What’s really funny about the Patriots is that they were the red-headed step-child of Boston sports before their first Super Bowl win in 2001, and no matter what they do, they will never supplant the Red Sox at the top of the Boston sports food chain. Deep down in places he isn’t likely to admit, Patriots’ owner Robert Kraft knows that. Don’t forget that when he bought the team in the mid-90s, he had to threaten to move the team to Hartford, Connecticut to get a facility to replace the old Foxboro stadium. Kraft also has to know that once the Tom Brady/Bill Belichick era is over, the Patriots will go back to ranking somewhere between the Boston Bruins and the New England Revolution on the Boston sports landscape.
The Patriots without a Lombardi Trophy are just on the road back to days when they weren’t just unpopular in Boston…they were absolutely fucking despised. They weren’t ignored, they were HATED. They didn’t have the championship tradition of the Celtics, nor did they have the perpetual hard-luck stories of the Red Sox, and until recently, all the inherently racist Boston fans could watch the Bruins without having to see “any of them damn spades.”
In short, Boston was more than happy to treat the Patriots like an orphaned crack baby. All during the franchise’s time in Boston, they never had a home field, they roamed like football gypsies. In 11 seasons, the Patriots’ played home games in four different venues; Nickerson Field, Harvard Stadium, Fenway Park, and Alumni Stadium all served as home fields for the Patriots. In the 1970′s the Patriots left Boston for a shit-heap of a stadium in Foxboro.
Foxboro Stadium was built functionally obsolete. It was built as cheaply as possible because nobody wanted to spend money on the Patriots. It lacked luxury boxes and most patrons had to sit on backless aluminum benches as only a small fraction of the stadium had actual seats (painted blue, red, and white near the 50-yard line). This stadium was such a joke that twice in the last 20 years, owners had to threaten to move; with a capacity of just over 60,000, it was one of the smallest stadiums in the NFL. James Orthwein bought the team from Victor Kiam in 1992, and had plans to move the team to St. Louis, but he sold the team two years later to current owner Robert Kraft.
The sainted “Mr. Kraft” then threatened to move the team to Hartford in order to get a new stadium built in Foxboro, and Patriot fans line up to blow him as if he weren’t some hopeless drunk who made going to a Patriots game an exercise in sitting in traffic for four hours to buy the most expensive tickets in the NFL. Oh, it will also cost you $40 to park in the absolute middle of nowhere to spend four hours with some of the worst crowds in the NFL. To top it all off, you will be stuck in your car for hours after the game. because nobody thought it might be a good idea to build a road better than a cattle trail to Kraft’s bucolic splendor.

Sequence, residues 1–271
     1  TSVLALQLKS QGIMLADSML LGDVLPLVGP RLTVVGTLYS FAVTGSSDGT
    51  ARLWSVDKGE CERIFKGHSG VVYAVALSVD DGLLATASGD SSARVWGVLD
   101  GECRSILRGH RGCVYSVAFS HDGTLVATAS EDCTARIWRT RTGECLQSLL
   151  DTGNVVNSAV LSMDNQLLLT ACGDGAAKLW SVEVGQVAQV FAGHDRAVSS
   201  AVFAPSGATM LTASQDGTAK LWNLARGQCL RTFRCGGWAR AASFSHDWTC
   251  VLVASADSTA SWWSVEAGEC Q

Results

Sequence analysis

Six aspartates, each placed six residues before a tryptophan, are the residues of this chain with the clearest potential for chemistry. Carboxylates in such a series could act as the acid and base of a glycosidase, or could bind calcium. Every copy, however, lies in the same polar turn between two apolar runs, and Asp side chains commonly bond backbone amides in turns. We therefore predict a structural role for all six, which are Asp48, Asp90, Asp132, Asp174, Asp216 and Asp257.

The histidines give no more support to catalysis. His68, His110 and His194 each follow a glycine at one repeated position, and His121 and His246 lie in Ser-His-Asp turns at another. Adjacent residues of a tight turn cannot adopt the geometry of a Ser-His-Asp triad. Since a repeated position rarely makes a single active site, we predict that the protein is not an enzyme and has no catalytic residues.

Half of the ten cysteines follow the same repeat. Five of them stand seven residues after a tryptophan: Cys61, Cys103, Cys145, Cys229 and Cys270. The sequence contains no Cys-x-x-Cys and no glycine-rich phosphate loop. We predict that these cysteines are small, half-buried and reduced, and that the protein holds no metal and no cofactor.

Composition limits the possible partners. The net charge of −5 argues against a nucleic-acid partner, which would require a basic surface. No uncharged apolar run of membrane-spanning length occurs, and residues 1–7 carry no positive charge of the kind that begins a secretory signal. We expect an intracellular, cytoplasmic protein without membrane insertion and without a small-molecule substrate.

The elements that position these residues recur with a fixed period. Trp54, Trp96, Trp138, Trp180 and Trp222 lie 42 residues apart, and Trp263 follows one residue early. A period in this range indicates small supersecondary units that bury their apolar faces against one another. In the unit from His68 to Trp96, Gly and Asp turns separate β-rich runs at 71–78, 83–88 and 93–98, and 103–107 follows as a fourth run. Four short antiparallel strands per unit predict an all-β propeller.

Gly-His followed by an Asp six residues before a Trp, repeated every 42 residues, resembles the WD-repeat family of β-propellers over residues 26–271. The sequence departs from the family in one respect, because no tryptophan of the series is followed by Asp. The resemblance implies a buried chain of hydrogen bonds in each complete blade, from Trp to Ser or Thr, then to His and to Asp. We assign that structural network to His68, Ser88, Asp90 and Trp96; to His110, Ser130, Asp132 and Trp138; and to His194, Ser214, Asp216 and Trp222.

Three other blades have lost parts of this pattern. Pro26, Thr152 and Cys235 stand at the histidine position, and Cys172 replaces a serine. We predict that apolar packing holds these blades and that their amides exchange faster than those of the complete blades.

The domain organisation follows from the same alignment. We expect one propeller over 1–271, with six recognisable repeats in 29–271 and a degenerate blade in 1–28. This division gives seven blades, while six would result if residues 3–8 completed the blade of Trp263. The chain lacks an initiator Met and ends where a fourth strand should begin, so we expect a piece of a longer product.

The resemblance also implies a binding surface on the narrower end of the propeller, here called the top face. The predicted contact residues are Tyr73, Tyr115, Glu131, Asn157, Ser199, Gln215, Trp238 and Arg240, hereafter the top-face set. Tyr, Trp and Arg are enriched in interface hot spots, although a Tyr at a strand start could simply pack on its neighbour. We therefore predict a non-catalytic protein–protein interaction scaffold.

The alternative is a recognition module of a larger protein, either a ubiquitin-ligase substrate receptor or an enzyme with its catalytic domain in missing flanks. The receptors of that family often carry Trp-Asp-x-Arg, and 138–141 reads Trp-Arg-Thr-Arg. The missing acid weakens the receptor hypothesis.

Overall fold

This actually brings me back to the media. In this case, it is the local Boston sports media market that really shows off what dipshit Patriots fans are, because the Boston sports media is horrible. They fellate Robert Kraft because he hired a cheater and didn’t move the team. If Rob Gronkowski were black, his behavior would have gotten him run out of town regardless of production (see Mo Vaughn). Can you imagine the way Tom Brady would be treated in Boston if he were black and had the gall to marry a white super-model, considering the way they treated Joe Kapp and Jim Plunkett simply because they were Mexican? The second Brady and Belichick leave or begin to suck, all the “lifelong” Patriot fans will stop going to the games and the Pats will go back to blackouts and 4th-class sports citizenry.
That’s why the myth known as the “Patriot Way” is so important. Kraft has to keep the popularity of this team alive as long as possible, because he knows it’s going to end, and once it does, so ends the days of the Patriots as a cash cow. More importantly, once that happens, Kraft’s days as a power-broker in the NFL are likely over as well. What it all comes down to is anything which threatens the image Kraft has worked hard to create for his football team and himself will be swept under the rung with the first opportunity.